Washington Post Lies to Readers Again: Job Loss in Manufacturing Due to Trade, not Automation

March 07, 2017

The Washington Post must think that U.S. trade policy is really awful. Why else would they continually lie to their readers and claim that the cause of the sharp job loss in manufacturing in recent years was automation?

[Dean Baker| March 4, 2017 |Beat the Press]

For fans of data rather than myths, the basic story is that manufacturing has been declining as a share of total employment since 1970. However there was relatively little change in the number of jobs until the trade deficit exploded in the last decade. Here's the graph.

Manufacturing Employment

manu emplSource: Bureau of Labor Statistics.

And, there was no great uptick in productivity coinciding with the plunge in employment at the start of the last decade. It would be nice if the Washington Post could discuss trade honestly. This sort of reporting gives fuel to the Donald Trumps of the world.

In this context, it is probably worth once again mentioning that the Washington Post still refuses to correct its pro-NAFTA editorial in which it made the absurd claim that Mexico's GDP quadrupled from 1987 to 2007. The actual figure was 83 percent, according to the International Monetary Fund.

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  • Bruce Bishop
    Most of the automation and robotics that displaced American workers had been installed by the mid eighties. As an Industrial Engineer, I worked with several Fortune 500 manufacturing companies, looking for ways to reduce labor. In 1979, I saw automatic fabric spreading machines, rolling out multiple layers of fabric on 40 foot tables. Then, a computer guided cutter cut out the various fabric pieces, according to the layout of digital images by an engineer on a computer screen. The computer allowed the engineer to test various placement of the pieces, then calculated the percent usage of the fabric. Once the desired placement was achieved, the program was fed to the computer which drove the cutting table. This was a sportswear factory that made dozens of items in various sizes. There was no way to automate the actual sewing of the garments, and there still isn’t.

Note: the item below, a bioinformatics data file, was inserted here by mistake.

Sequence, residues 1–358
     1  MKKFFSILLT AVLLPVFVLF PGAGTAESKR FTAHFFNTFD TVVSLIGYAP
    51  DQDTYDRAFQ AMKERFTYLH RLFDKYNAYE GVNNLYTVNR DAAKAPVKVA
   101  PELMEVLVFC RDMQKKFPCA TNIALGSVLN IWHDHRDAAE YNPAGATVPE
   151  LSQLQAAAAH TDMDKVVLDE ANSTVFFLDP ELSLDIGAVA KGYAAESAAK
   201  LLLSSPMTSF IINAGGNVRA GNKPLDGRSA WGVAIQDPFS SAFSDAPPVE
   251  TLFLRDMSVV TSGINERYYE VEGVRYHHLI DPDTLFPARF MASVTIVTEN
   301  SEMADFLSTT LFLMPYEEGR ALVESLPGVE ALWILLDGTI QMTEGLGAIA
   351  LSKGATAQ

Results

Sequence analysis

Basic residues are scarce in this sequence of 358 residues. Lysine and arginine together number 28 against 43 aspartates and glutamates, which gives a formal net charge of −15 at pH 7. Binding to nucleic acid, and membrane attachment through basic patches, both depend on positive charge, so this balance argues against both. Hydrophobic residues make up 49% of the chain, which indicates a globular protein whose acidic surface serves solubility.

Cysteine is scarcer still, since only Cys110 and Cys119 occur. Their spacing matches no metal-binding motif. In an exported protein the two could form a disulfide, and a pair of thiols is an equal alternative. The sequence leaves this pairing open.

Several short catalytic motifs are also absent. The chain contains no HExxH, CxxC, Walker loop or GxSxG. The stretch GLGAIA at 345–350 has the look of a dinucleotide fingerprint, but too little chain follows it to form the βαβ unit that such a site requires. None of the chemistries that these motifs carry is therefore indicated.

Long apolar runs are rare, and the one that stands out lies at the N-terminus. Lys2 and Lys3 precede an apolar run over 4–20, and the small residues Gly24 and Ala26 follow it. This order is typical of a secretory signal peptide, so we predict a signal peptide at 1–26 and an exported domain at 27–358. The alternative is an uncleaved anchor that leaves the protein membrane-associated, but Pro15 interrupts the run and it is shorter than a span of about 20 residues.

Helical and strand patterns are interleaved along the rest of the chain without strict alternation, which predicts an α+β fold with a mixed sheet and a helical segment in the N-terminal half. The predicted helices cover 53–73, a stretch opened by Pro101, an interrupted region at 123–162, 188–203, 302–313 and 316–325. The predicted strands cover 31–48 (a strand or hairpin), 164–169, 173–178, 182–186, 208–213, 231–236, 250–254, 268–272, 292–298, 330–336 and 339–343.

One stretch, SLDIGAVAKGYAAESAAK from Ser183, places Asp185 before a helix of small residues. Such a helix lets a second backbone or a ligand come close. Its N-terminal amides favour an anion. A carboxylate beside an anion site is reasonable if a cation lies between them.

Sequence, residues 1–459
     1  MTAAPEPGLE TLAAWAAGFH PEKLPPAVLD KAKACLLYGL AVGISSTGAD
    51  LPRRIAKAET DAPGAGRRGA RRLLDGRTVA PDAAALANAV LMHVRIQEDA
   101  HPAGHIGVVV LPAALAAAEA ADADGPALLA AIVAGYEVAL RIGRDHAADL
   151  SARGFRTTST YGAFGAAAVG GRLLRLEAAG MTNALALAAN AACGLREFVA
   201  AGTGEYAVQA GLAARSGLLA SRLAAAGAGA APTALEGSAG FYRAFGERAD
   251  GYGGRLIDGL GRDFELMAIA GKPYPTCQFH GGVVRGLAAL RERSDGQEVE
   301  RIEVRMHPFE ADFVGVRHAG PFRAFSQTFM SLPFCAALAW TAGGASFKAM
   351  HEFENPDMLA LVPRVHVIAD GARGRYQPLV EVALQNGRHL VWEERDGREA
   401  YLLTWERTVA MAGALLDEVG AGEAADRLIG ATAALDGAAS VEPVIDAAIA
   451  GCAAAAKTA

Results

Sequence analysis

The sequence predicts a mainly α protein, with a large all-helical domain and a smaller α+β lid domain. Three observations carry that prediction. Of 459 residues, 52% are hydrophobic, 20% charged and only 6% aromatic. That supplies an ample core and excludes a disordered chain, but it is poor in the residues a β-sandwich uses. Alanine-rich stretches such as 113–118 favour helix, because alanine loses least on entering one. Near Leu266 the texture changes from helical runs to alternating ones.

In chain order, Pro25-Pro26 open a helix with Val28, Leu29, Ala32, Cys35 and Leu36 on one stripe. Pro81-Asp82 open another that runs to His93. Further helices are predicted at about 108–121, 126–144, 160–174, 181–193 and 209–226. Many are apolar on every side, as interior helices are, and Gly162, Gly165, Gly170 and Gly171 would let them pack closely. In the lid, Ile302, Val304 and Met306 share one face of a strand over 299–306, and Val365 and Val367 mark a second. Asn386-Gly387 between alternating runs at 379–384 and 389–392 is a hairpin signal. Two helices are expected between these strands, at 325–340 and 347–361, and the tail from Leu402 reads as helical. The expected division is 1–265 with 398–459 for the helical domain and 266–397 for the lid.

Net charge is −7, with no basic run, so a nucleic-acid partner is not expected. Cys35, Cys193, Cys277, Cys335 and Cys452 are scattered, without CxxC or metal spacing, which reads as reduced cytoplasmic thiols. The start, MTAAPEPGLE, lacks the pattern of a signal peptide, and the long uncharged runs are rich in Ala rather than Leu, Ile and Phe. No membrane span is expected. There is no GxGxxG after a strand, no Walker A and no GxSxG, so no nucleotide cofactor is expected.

In 1982, I watched a “teachable” robot painting poster sized cartoons of “Roadrunner” and ’Wiley Coyote," at a trade show. These paintings were given out to visitors as souvenirs. Later that year, I saw similar robots painting the tops of washing machines at the General Electric Appliance Park in Louisville. There have been few improvements in robotics since that time.

    Much of my experience was in the decorative lighting industry. By 1985, we had automated everything where the investment was economically justified. It was in 1985 that the industry was forced to begin importing Chinese versions of their best selling items. The Chinese could produce our products at one-third the cost, and my employer was faced with the choice of whether to remain in business as an importer, or lose its customers to importers who would go around them directly to the distributors. By 1995, that entire industry had been offshored to China, and tens of thousands of jobs were lost. All that remained were the distribution centers and a handful of people in the corporate offices.

    It is a convenient lie that American jobs have been mostly replaced by automation and robotics — but it is a lie.